I have two more small sections to build and know each will have to be done separately and each will leave me with similar pain. In a few years, if things progress as they are in my arms, I won’t have to worry about these little projects because I won’t be able to do them. It kills me to know this because I always figured I would be one of those old guys neighbors watched in amazement as he did projects around the house.
The end result of yesterday’s work has left me with a throbbing head, locked up neck, and arms that are of little use. I am a bull in a china shop when I work in the kitchen. I realize now it is because my arms, hands, and fingers are not as coordinated as they used to be. When my neck is tight, I rely more on my peripheral vision and even that is not what it once was. I wonder if my hearing loss has been magnified, if not entirely caused, by the impact to my head when I was thrown off my bike in 2007. When I die, I would like my brain donated somewhere to examine whether I suffered other damage that might explain to my loved ones all of this is not just the result of me being a nut job.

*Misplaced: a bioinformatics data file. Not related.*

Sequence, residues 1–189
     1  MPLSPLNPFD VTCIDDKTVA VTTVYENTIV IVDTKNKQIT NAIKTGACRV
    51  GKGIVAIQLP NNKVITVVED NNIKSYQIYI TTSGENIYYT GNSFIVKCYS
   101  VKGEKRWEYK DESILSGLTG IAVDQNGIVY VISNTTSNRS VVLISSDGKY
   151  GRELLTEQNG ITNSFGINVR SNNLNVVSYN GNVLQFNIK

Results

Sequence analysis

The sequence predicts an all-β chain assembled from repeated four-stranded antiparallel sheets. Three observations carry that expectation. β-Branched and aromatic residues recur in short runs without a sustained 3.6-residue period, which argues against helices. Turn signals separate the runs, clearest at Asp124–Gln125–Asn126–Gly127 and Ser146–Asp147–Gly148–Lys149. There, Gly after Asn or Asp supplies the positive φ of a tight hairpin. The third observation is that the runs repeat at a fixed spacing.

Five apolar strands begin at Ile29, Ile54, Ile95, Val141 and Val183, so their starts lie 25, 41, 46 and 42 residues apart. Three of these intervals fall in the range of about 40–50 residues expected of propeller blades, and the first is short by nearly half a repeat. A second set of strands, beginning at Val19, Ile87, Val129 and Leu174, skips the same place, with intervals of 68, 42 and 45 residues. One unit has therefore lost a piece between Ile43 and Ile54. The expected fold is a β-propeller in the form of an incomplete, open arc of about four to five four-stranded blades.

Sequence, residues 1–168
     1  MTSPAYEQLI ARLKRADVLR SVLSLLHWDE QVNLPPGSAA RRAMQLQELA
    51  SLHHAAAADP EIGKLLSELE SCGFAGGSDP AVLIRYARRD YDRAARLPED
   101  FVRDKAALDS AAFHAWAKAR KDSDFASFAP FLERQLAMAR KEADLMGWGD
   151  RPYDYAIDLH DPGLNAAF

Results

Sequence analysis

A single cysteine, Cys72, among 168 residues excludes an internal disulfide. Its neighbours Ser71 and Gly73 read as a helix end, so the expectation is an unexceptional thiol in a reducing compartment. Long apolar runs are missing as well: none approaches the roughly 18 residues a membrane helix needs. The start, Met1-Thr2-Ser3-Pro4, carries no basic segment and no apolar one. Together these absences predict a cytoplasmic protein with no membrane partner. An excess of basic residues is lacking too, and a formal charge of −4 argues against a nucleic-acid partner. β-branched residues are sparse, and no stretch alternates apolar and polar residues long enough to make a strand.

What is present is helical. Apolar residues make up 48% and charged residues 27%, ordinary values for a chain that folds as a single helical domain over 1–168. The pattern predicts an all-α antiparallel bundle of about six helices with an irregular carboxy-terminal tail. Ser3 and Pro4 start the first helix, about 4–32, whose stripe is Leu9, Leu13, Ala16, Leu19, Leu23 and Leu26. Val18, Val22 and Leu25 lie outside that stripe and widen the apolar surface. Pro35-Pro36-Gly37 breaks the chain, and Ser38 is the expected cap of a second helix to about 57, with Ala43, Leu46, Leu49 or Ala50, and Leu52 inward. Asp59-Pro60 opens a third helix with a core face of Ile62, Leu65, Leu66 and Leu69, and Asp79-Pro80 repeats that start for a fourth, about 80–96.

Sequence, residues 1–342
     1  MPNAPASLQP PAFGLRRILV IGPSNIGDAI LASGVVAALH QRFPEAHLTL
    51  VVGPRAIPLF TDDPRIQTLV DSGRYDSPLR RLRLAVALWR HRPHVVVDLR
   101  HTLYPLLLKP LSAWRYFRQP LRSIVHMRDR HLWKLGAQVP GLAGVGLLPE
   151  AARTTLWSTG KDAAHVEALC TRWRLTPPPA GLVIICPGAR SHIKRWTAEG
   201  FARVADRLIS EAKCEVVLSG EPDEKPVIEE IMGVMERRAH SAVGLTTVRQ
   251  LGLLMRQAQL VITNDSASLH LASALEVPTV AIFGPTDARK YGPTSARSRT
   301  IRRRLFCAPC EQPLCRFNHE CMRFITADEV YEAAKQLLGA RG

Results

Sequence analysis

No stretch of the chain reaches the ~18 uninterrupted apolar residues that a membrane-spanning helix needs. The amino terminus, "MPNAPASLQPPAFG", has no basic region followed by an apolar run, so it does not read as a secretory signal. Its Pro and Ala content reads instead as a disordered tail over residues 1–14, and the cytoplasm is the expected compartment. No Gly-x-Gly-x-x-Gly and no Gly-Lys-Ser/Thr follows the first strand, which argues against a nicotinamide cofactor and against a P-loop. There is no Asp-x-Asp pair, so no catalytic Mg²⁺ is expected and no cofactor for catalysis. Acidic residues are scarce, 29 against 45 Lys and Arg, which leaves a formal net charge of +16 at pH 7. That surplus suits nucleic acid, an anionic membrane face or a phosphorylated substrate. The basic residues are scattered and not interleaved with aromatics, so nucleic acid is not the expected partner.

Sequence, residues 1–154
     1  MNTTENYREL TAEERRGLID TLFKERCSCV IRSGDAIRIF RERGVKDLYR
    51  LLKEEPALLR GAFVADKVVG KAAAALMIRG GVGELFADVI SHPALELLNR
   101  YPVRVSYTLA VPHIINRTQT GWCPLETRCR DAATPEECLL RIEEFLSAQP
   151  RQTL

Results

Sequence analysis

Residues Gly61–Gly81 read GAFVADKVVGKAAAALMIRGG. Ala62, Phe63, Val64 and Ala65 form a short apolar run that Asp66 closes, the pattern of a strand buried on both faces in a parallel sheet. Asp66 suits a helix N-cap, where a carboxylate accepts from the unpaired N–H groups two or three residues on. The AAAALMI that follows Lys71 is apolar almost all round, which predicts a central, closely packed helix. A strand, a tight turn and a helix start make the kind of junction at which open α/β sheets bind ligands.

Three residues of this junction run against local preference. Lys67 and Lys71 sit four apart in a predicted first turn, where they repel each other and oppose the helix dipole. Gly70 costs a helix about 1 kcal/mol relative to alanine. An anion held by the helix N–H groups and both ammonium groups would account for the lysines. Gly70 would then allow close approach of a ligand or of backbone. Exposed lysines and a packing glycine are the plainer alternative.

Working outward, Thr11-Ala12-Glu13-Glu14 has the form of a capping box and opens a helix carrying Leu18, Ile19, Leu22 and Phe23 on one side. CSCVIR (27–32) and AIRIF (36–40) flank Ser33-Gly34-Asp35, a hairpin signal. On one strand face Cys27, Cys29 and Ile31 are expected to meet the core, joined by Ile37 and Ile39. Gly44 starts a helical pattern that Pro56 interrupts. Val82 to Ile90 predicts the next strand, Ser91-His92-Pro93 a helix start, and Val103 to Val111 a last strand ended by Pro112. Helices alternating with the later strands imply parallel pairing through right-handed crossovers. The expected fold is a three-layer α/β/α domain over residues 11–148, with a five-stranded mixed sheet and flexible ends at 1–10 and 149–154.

In another hour, I will go for a run. Originally, my workout plans called for me to run tomorrow but there is no point in trying to get anything accomplished in my gym when I feel this way. If I feel good, I will run hard, if not, well, there will be another run in a few days.
Running has always been my go to for exercise. It has always released endorphins to counterbalance my predisposition for depression. Now it is a perfect example of what happens when you have to see as many doctors as I do. The surgeon who repaired two herniated discs in my low back in 2017 was the one who suggested I give running a try after not being able to for ten years because of the bike accident. He suggested that I go easy and to stick to dirt and grass which is what I mostly do. If I want to go hard, I hop on my treadmill because I find it easier on my joints.
My pain management specialists recommend I not run and that I stick to riding my road bike instead. He thinks the jolting from running is not good for my spine and since bicycling is nonimpact, it is better for me. His Physician Assistant thinks I should avoid both. Besides the impact to the spine from running, he says road biking puts my neck in an awkward position that can add to my problems. He also mentions how another spill on my bike could be horrific for me.